Read this: The Dinner by Herman Koch

The Dinner
by Herman Koch

Happy Monday, friends 🙂 Now that you’ve got some great places to chill out at over lunch this week, you’re going to need a good book to read, too! I heard this book was a pretty good read a while ago, and to start off with, I was a bit disappointed. A few dozen pages in, I almost gave up on it, but before long, I realised I’d been completely drawn in to it; I ended up finishing it in a few days, because half way through, I couldn’t put it down!

Without giving too much away, you’ve for two couples who meet for a dinner, and the story is relayed by one of the guests. While it starts out simply enough, we find out that they in fact have some serious stuff to discuss over dinner. You get the idea from the get go that the dinner probably isn’t going to be the most enjoyable or relaxing of evenings…

“I didn’t feel like doing this at all, I realized again. My aversion to the evening that lay ahead had become almost physical – a slight feel of nausea, clammy hands and the start of a headache somewhere behind my left eye – not quite enough, though, for me to actually become unwell or fall unconscious right there on the spot.”


Each section of the book starts with another course of the dinner, and the descriptions of the food by the waiter are well explained…

“‘The crayfish are dressed in a vinaigrette of tarragon and baby green onions,’ said the manager: he was at Serge’s plate now, pointing with his pinkie. ‘And these are chanterelles from Vosges.’ The pinkie vaulted over the crayfish to point out two brown toadstools, cut lengthways.
It was a well-groomed hand, as if established while the manager was uncorking the bottle of Chablis Serge had ordered… For the hand of a stranger, though, I felt as though it was coming too close to our food; it hovered less than an inch above the crayfish, and the pinkie itself came even closer, almost brushing the chanterelles”


As the dinner unfolds, course by course, so do the secrets and betrayals. They’re there to discuss an event involving their children, an event that’s sparked national interest and a police investigation. The characters develop quickly with their histories plainly laid out on the table, if you will, but you still feel like you’re really getting to know them and what makes them tick quite well. The story teller jumps back and forth between the dinner as it happens, and past events that relate to the incident that brings them all together on that fateful night; it’s obvious immediately that he’s the sort of character that overthinks things, notices the small details, and reads deeply between the lines – this was one passage that really highlighted that for me, and sums him up pretty well…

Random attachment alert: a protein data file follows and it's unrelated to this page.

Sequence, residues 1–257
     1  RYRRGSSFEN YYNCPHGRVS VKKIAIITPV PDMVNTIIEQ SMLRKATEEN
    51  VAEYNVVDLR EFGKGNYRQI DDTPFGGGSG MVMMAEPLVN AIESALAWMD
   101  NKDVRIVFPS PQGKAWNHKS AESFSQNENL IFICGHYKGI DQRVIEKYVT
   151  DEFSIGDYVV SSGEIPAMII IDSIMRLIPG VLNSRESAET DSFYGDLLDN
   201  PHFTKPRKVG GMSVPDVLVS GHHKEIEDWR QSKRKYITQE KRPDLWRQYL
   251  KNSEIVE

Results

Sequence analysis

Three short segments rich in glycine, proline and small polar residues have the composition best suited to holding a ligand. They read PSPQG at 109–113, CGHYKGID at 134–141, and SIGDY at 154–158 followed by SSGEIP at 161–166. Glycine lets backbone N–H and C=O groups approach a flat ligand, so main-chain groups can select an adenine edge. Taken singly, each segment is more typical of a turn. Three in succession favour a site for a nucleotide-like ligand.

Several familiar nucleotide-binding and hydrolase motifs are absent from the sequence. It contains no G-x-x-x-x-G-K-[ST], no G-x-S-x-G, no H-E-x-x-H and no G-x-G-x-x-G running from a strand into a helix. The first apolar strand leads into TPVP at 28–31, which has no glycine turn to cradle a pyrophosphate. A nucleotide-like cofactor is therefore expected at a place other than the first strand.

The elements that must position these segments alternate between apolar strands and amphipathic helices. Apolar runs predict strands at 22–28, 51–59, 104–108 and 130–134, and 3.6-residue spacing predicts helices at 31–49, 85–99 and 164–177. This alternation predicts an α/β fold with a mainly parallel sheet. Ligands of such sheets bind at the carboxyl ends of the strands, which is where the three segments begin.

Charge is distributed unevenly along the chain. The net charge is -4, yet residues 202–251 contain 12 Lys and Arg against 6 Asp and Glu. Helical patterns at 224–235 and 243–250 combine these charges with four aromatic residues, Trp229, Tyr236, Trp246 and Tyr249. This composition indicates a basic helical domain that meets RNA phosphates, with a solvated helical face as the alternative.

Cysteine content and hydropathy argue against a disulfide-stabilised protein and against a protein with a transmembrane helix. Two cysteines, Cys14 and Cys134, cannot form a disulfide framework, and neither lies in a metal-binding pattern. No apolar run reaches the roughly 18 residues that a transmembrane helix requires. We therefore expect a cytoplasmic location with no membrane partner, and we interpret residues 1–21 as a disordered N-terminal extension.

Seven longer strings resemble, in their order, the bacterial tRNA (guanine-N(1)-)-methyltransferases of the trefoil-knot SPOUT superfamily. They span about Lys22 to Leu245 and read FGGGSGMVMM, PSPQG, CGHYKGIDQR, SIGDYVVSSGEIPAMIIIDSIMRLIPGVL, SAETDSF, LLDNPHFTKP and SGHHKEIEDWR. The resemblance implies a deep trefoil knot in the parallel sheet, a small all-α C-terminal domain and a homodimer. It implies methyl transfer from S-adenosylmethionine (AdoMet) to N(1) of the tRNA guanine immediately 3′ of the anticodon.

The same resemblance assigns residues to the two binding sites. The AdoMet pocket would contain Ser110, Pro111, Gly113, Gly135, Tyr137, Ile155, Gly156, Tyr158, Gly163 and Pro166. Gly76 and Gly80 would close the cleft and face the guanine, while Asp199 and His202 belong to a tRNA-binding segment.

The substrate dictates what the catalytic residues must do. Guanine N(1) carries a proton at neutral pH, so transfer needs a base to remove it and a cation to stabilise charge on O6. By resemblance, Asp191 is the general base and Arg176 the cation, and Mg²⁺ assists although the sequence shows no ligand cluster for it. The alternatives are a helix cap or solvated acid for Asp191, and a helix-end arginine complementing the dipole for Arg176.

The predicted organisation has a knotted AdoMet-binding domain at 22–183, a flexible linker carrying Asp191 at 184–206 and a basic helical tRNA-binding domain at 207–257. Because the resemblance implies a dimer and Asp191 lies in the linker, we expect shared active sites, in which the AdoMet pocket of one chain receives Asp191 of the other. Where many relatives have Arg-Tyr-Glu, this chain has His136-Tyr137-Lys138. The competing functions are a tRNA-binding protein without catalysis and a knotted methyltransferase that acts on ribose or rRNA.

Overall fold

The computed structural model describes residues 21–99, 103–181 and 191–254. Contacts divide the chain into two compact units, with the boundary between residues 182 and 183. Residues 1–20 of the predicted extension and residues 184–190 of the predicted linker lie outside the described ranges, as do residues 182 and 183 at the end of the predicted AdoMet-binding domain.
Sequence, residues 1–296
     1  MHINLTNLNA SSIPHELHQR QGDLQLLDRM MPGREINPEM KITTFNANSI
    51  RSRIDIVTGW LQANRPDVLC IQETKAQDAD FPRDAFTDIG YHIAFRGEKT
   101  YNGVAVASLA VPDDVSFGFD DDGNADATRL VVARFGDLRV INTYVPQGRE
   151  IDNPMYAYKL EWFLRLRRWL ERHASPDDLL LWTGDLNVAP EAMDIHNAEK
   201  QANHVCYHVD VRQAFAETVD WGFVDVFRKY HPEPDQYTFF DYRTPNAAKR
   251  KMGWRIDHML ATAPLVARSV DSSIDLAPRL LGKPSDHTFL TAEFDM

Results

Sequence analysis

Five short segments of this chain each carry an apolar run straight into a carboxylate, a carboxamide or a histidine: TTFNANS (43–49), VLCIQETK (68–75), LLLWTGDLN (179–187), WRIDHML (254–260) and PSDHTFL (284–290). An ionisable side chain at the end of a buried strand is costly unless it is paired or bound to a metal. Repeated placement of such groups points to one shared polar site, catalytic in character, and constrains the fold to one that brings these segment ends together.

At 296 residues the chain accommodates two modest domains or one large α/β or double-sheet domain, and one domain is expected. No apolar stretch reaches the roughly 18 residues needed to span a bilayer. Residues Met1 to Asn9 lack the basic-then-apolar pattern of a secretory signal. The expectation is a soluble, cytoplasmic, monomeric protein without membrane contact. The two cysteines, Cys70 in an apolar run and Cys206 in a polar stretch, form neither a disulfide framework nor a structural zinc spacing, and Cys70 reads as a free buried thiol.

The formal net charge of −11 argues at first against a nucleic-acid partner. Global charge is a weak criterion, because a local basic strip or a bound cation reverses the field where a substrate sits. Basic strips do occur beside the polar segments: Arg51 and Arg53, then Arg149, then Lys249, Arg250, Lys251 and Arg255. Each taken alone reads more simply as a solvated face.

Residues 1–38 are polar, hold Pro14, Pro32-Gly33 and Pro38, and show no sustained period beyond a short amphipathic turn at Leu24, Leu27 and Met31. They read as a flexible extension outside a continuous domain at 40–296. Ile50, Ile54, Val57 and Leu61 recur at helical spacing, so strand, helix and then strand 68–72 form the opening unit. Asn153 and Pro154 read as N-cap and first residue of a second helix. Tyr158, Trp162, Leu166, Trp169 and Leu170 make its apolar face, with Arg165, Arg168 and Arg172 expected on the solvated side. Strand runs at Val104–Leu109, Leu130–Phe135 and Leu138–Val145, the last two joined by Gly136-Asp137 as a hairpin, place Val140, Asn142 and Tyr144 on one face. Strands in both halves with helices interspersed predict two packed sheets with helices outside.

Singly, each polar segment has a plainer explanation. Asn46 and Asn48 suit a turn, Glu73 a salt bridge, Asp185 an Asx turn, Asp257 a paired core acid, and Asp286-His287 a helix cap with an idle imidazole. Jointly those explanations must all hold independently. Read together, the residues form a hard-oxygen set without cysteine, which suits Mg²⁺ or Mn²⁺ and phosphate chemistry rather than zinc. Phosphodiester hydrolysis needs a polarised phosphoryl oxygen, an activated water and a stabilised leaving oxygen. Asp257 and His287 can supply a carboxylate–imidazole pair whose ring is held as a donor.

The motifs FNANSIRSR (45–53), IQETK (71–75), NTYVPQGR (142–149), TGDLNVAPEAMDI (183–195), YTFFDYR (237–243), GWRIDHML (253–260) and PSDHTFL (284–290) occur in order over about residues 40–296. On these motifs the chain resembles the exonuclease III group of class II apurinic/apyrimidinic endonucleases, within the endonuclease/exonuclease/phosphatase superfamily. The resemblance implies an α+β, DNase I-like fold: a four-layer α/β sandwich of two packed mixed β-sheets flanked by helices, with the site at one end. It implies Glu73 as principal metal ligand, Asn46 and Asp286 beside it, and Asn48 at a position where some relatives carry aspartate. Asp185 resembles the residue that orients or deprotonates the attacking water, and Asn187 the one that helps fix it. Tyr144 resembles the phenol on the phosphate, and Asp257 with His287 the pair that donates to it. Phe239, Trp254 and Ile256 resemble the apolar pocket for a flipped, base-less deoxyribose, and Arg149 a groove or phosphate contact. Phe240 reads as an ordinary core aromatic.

“I saw something in his eyes that I hadn’t seen there before: something neutral, or rather, something non-committal, as non-committal as his herringbone suit.”


I found that, while I’ve never been in the situation of the characters in the book, a lot of it was very relatable – a lot of the characters in the book are like people most of us know, and it really does make you think about what you would do, what lengths you’d really be willing to go to to protect someone you love… Absolutely fantastic read; do yourself a favour and pick up a copy now, dig in, and enjoy!

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